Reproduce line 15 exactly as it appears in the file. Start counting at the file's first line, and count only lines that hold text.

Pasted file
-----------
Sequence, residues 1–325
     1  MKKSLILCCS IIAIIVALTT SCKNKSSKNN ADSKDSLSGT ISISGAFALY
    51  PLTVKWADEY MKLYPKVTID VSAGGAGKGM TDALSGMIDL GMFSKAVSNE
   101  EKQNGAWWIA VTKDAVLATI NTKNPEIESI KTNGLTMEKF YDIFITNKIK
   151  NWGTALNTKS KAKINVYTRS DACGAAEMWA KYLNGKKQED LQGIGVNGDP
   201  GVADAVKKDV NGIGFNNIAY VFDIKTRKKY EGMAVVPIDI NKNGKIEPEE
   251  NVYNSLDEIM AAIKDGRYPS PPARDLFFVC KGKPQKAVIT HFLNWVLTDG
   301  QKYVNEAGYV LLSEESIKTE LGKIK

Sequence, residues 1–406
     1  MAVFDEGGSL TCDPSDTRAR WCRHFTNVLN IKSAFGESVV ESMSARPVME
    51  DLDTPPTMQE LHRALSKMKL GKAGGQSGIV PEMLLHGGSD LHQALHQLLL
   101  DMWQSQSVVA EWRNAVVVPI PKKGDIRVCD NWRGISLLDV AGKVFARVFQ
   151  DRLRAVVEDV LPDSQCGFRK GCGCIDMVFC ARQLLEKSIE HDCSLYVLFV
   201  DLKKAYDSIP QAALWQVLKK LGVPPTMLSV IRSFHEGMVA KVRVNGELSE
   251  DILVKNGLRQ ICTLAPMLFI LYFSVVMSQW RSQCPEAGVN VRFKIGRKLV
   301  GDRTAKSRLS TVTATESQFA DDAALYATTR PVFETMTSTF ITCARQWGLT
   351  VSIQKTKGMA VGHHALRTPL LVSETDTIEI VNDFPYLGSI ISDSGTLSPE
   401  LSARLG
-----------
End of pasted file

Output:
   251  DILVKNGLRQ ICTLAPMLFI LYFSVVMSQW RSQCPEAGVN VRFKIGRKLV